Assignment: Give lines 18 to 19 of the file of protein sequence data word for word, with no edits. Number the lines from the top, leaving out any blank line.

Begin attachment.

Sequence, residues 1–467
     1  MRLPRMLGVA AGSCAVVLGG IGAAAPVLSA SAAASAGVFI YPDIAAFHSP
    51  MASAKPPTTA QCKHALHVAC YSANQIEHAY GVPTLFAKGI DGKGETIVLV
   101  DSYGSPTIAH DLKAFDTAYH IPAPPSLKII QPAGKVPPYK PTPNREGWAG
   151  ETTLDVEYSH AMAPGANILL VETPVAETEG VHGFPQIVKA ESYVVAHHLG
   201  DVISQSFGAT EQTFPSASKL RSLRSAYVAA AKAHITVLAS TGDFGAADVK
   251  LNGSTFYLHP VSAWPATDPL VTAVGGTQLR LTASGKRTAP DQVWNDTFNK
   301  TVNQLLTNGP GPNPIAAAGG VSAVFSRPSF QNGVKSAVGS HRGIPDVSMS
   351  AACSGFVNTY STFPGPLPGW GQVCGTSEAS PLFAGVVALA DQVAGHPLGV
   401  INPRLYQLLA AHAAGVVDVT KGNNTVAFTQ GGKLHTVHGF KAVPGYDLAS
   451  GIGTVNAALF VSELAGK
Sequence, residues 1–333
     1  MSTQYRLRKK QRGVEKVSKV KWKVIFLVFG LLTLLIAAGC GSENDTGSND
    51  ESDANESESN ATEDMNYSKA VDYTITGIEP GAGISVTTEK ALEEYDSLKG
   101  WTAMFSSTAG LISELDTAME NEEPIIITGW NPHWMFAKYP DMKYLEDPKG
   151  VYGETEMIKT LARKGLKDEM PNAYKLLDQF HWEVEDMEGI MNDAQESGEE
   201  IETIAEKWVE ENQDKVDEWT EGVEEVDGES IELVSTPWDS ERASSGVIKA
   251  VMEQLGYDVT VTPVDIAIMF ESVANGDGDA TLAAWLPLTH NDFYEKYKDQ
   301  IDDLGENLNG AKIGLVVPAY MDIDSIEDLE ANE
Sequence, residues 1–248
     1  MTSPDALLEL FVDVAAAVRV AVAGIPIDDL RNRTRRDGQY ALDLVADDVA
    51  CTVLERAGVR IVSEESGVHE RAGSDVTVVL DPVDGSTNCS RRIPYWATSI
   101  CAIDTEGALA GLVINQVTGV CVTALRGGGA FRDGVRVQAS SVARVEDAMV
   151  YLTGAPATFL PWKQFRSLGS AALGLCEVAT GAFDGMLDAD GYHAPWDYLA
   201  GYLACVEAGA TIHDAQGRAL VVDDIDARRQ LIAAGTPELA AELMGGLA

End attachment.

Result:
   251  VMEQLGYDVT VTPVDIAIMF ESVANGDGDA TLAAWLPLTH NDFYEKYKDQ
   301  IDDLGENLNG AKIGLVVPAY MDIDSIEDLE ANE